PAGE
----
James, Matthew and Colm left the stage as Daryl picked up his guitar. As he was tuning it he said, "I tune because I care and the audience responded to his humor and mischievous smile. He introduced his solo, the Tom Baxter song "Better". Gary and I had heard him perform this before and enjoy it very much. I remember the first time I heard him sing it I told him he sounded like Roy Orbison.

At some point Daryl said how happy he was to be there and enjoyed taking in the sights. He went to Gateway Arch and asked how long it took to ride to the top. He was told four minutes. He thought great and bought a ticket. No one told him there was a one-hour queue. Again the audience laughed but Daryl said that looking over the city was well worth the wait.

The trio then introduced the naming of their last album and how they felt bad that the Irish economy tanked after the albums release. They then sang "Hard Times".

Now for one of the highlights of the evening, Eric Clapton's "Lay Down Sally" sung in the three stage of inebriation. Just before the song began an older gentleman on the front row aisle left the theater leaving his wife unaccompanied. This happened to be on the stage side that James was singing. You guessed it; he had found his prey! The Tenor's
Have perfected their three stages of drunkenness and the pleading for the young Sally to stay. James whether on his knees or stumbling back on stage caused uproarious, grab your stomach muscles laughter. I think that must be a belly laugh. As the song was winding down James slipped in a few comments that were absolutely perfect! Wait until you hear them and see his expressions. If you can't wait I might be persuaded to spill the beans. As the song ended the husband came back to his seat and the look on James face was priceless. He made a comment to the retuning man something like, everyone will think this was planned and see what happens when you leave? Another round of laughter and applause!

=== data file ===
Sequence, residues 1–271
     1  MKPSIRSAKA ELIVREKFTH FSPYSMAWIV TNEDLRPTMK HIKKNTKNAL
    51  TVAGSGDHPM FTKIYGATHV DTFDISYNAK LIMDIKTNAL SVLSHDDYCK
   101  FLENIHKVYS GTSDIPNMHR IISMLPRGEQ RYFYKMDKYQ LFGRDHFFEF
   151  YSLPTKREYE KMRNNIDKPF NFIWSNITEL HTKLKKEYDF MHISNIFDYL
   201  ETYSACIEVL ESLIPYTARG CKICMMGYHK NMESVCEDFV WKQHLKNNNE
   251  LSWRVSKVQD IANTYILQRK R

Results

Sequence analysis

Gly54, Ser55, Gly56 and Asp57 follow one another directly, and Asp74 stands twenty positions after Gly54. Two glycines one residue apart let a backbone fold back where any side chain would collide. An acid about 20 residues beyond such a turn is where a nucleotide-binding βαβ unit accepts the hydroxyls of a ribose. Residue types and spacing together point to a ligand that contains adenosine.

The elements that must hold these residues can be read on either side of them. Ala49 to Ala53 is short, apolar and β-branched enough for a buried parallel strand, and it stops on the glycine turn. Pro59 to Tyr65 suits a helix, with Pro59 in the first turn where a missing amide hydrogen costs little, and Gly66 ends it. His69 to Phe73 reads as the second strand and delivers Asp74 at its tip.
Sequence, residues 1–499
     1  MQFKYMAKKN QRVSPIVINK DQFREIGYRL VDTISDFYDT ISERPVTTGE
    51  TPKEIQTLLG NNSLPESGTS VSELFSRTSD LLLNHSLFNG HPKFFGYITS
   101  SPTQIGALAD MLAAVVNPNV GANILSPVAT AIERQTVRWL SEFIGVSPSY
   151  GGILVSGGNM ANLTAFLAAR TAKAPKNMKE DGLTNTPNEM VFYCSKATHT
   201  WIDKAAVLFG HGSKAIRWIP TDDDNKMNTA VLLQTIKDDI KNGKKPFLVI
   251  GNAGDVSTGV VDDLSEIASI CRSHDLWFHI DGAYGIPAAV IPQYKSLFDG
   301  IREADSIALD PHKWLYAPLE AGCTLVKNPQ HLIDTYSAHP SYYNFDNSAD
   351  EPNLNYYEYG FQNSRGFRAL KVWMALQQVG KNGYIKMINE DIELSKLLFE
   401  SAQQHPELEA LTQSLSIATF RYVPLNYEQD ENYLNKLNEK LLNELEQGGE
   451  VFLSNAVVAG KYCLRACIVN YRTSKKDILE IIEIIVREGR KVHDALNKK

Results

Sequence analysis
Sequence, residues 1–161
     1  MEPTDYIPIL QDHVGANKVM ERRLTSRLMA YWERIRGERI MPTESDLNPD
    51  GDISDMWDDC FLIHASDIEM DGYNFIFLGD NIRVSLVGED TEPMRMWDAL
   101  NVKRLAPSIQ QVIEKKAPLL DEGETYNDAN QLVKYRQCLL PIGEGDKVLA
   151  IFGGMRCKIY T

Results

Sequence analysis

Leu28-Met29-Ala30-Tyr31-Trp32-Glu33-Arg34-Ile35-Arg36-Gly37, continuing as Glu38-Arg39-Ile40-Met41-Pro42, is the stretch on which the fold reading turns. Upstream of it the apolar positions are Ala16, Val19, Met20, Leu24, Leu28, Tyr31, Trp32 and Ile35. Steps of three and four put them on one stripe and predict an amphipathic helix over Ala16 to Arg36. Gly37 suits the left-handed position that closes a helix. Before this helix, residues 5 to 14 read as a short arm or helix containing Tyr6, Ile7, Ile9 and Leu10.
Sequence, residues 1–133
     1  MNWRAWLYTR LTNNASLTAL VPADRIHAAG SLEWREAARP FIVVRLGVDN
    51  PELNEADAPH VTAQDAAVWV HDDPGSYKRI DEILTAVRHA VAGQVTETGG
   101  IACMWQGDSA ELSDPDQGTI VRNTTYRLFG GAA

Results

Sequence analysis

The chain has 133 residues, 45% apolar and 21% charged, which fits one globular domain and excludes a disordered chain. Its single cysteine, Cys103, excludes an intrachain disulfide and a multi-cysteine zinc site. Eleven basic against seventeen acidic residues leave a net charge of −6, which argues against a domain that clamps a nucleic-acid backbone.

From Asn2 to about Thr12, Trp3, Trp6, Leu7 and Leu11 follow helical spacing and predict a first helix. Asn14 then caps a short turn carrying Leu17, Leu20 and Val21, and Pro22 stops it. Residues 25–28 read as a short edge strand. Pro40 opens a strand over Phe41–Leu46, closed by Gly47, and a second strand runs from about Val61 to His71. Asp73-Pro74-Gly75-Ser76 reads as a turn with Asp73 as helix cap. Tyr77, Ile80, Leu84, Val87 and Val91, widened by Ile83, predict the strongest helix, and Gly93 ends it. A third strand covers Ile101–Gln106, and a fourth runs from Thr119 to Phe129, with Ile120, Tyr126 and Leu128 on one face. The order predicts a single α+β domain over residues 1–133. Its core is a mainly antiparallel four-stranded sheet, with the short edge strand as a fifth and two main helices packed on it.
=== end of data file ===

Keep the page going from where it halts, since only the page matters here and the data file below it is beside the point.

Next was the much appreciated a cappella song sung near the Missouri River, "Shenandoah". A lady in the front row gave a standing ovation and Daryl jumped down and gave her a big hug.

The final song before the intermission was "Remember Me" with the normal dedication but adding Japan's disaster. The four men left the stage to a standing crowd.

Gary and Rick went to buy a CD. We were suppose to get a "Hard Times CD for friends but they were all sold out in Canada. Rick bought "So Strong". There was also the "Irish Album" available. The lights flickered and everyone returned to their seats.

The second half was started with "Spanish Lady/Marie's Wedding". There was some pretty fancy footwork displayed and even a Moonwalk by Daryl. There was a snarky remark aimed at James saying that his performance was more a puddle dance than a river dance. You can imagine the audience reaction.

On a more serious note, Richard Thompson's "Dimming of the Day" was introduced and exquisitely executed. We hope this is on the new album.

The fun "You Ain't Goin' Nowhere" was introduced by James telling of the freak October Canadian blizzard, being stuck in the Regina airport and singing this song to newscasters. I believe we all saw the link and witnessed this first hand. When the song was ending Daryl strummed his guitar loudly and jumped around like a rock star. The payback comment towards him was, "he thinks he's Jimi Hendrix".

Colm, Matthew and Daryl left the stage and James walked towards the piano. James told the story about the famous song from "Moulin Rouge", meeting the composer David Baerwald and recording it as it was originally intended-a lullaby. James sat down at the piano and made a lovely dedication of the song to Gary and the woman who adores him, Linda. We were both very touched and as we held hands and listened to the beautiful song tears welled in my eyes. Our friends Mary Ann and Rick were impressed with James generosity.

As the others returned on stage Matthew was munching. James asked what he was doing and Matthew admitted to eating an apple. While Matthew was about to tell the story of Jimmy McCarthy's writing he had to stop and pick his teeth. The crowd was once again in stitches and yet another time when the introduction of "A Mad Lady and Me" was complete. I really enjoy the flow of this song-no pun intended.